Texas Barbecue Trail, Dispatch #2: Taylor (Father's Day Edition)
"Now you're about to see something really special."
Sometimes I make this declaration to anyone sharing the table with me right before I dive into an obscenely overloaded plate of barbecue. It's not that I mean disrespect to what's on my plate by wolfing it down. Rather, I'm describing the exquisite pleasure I'm about to derive from that plate. On some occasions, my ecstasy borders on the pornographic but, if you get too close, you could lose a limb.
Yesterday, I uttered these words while standing in line at Louie Mueller BBQ in Taylor, Texas, well before my plate was even prepared. One of the true Texas barbecue shrines, Louie's was founded in 1946 as a grocery, Louie Mueller's Complete Food Store. After opening a barbecue shed to feed workers from a nearby railroad yard and from area cotton fields, Louie Mueller's opened in its present location at 206 W. 2nd Street in 1959 in what had been a ladies' basketball court in 1923. The walls and ceiling of the cavernous, dimly lit temple are darkened by years of oak smoke that emanates from the brick oven in the center of the building. There's a corkboard full of business cards that, having never been removed, range from tanned to blackened from the years of smoke. Added in 1999, the screened-in dining area brings some air circulation to the proceedings.
So, indeed, at Louie's, "atmosphere" isn't some frou-frou, ephemeral term with which to describe the indescribable. At Louie's, like Kreuz's Market in Lockhart, you literally breathe it.
Naturally, there's history to along with that atmosphere. Louie's son, Bobby, bought the place out in 1974 and began serving cole slaw and potato salad, which were his mother-in-law's recipes. Bobby has made the hot sausage from scratch since the '60s. Bobby's son, Johnny, brought a taste of Taylor to Austin at the now-closed Johnny Mueller's on Manor Road. From what I've been able to gather, there's been years of bad blood between father and son. While I can't confirm the nature of the dispute, the bottom line has been that loyalty to Bobby versus the convenience of Johnny being in Austin has been a conundrum for barbecue aficionados in Austin. It was bittersweet to discover upon our return to Austin that the issue was rendered moot last year when Johnny's sadly closed.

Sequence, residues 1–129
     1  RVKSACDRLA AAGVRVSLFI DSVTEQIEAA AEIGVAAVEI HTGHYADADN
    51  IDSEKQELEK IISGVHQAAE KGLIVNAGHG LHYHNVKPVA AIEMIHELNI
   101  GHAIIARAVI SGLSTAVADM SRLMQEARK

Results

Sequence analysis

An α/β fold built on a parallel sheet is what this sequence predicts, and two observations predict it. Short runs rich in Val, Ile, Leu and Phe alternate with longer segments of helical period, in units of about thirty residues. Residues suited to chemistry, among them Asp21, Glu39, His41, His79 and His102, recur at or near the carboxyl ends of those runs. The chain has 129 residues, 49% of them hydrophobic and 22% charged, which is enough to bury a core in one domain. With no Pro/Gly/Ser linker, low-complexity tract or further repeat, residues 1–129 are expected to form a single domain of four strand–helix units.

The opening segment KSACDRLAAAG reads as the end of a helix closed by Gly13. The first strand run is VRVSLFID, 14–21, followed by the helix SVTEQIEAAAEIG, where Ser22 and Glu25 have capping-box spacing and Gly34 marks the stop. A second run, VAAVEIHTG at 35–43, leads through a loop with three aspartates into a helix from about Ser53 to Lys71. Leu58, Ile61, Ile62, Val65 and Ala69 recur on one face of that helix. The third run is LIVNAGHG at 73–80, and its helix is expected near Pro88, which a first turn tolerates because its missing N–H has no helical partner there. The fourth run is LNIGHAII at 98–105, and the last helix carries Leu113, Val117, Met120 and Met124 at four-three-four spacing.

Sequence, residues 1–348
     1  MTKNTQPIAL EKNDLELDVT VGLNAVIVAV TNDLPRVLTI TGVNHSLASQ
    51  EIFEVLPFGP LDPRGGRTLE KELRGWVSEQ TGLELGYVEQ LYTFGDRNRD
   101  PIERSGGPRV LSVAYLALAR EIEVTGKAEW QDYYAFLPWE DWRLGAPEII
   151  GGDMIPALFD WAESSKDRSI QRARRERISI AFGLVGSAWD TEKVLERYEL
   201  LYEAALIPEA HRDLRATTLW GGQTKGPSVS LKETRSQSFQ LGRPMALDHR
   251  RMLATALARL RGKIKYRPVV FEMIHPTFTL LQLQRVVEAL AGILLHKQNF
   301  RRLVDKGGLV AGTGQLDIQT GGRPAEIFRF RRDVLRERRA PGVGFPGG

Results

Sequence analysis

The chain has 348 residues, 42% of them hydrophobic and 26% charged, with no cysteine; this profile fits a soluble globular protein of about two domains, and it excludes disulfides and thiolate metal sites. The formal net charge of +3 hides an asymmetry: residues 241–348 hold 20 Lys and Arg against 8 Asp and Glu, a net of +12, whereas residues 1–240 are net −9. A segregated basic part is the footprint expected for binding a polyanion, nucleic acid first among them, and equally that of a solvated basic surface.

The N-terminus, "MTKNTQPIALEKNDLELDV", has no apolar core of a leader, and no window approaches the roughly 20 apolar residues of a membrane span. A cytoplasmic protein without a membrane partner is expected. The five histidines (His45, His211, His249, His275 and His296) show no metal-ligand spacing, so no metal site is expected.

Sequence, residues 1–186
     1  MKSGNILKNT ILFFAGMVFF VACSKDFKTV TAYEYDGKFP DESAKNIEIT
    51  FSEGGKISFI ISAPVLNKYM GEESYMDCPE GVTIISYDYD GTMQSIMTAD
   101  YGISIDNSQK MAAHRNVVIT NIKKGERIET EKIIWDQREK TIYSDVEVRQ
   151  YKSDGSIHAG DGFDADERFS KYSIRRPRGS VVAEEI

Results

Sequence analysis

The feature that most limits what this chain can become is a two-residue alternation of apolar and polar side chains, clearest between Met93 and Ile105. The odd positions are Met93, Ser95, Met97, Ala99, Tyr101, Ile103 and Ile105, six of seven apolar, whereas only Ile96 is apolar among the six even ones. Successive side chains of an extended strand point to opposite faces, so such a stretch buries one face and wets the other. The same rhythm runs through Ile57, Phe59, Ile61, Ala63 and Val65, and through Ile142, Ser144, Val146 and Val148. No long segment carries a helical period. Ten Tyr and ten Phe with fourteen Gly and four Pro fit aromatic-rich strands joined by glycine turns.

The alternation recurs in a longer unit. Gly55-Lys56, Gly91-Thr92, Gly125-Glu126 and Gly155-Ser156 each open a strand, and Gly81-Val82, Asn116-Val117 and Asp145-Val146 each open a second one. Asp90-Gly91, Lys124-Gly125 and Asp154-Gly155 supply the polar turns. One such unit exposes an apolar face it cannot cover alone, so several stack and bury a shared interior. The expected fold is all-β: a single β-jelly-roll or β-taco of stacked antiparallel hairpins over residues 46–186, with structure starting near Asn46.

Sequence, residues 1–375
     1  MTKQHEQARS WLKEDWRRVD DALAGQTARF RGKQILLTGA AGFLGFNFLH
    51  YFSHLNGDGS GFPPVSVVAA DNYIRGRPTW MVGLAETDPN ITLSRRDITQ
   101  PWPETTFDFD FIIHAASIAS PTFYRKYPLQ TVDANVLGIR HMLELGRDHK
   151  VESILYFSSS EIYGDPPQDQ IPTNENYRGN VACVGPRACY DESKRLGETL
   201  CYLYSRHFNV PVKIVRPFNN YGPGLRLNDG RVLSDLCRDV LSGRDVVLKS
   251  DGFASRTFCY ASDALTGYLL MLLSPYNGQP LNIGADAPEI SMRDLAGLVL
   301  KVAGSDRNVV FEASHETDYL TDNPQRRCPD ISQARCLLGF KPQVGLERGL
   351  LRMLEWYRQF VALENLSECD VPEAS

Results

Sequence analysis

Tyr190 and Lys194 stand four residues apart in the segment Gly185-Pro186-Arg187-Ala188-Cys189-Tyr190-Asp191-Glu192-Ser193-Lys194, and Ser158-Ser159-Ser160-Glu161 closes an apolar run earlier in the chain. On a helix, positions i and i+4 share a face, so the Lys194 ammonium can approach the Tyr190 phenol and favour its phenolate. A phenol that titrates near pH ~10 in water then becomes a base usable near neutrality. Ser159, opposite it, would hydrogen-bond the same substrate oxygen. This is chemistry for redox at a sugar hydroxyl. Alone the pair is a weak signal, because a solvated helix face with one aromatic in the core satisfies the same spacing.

But back to Louie's. Right out of the gate, I've got a lot of use for a barbecue joint that pours draught Shiner Bock in chilled Mason jars. When I was growing up in Columbus, Ga., on Sundays after church I drank gallons of IBC root beer that Country's Barbecue served in Mason jars. Nostalgia goes well with barbecue.
It should come as no surprise that Louie's serves its meat on butcher paper in the old-school Texas tradition. As was with the case with Johnny, Bobby makes a point of cutting off a piece of brisket for you to sample while he gets your meal ready. As was not the case with Johnny, Bobby spares you the splash of surliness often dished out to unwitting customers on Manor Road.
The clear musts on the menu are the moist brisket and the jalapeno sausage. They've introduced chipotle sausage as well, but I saved that for a return trip. The brisket comes in slices nearly three-quarters of inch thick, featured nearly centimeter-thick smoke rings and, as was the case with Johnny's, practically melted in my mouth, such was the slow-cooked consistency.
Similarly, the tender, fine-ground sausage fell apart as soon as I cut into it. Like the brisket, the sausage was well-marbled and thus drenched in moist, fatty goodness. Per personal custom, I skipped the white bread, which might've been a misstep this time. Owing to the cayenne and jalapeno, Louie's sausage has a long-lasting piquancy that can overshadow your appreciation of the other items on your plate. A splash of iced tea or beer can put some of the fire out, but a little white bread might make a more effective sorbet with which to cleanse the palate. I'm just offering this as a caveat to the taster, not as a criticism of the meat, which, as Gourmet and the James Beard Foundation and others have noted, is exceptional.
I also tried the pork ribs, which, like the brisket, feature Louie's signature rub, a delicious cracked pepper blend that accents the flavor of the meat without overpowering it and seems to hold in the moisture as well. This may be my regional bias rearing its head again, but it seems an unfortunate fact of life with Texas barbecue that, when you order pork ribs, you can expect spare ribs, rather than the loin back ribs, which are prized in Memphis for their fall-off-the-bone tenderness. Spare ribs have more meat per rib, but, in spite of being a fattier cut, lack loin back ribs' tenderness. Additionally, there's a bit more effort required to get all of the meat off. Still, Louie's does a fine job here and the smoky oak flavor, combined with the delicious rub, does plenty to balance any criticisms of texture.
It should be noted that Taylor is also home to the Taylor Café, another historic barbecue establishment, which I'll have to cover in a later dispatch.
By the way, Happy Father's Day. If you live in the same town as your dad, take the ol' man out for some 'cue.